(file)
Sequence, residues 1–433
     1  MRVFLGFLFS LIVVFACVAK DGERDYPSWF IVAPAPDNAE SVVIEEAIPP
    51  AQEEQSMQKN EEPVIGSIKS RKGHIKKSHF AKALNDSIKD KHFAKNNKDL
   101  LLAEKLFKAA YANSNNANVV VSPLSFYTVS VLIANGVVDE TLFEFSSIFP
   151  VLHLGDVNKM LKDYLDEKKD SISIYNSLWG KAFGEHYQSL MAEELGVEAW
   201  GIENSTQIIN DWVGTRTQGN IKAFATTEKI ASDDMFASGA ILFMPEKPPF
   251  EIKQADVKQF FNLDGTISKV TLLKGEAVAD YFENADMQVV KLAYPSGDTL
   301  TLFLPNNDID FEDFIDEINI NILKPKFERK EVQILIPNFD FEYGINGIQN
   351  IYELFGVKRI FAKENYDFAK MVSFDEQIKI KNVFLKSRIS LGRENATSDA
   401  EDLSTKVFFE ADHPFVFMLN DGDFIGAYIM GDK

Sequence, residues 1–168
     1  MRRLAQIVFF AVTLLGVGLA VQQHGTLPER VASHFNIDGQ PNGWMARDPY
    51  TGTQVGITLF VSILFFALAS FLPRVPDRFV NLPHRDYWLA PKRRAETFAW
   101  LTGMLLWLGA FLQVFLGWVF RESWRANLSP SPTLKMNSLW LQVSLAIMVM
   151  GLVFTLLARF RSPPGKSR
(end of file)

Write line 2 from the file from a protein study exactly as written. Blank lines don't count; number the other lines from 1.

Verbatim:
     1  MRVFLGFLFS LIVVFACVAK DGERDYPSWF IVAPAPDNAE SVVIEEAIPP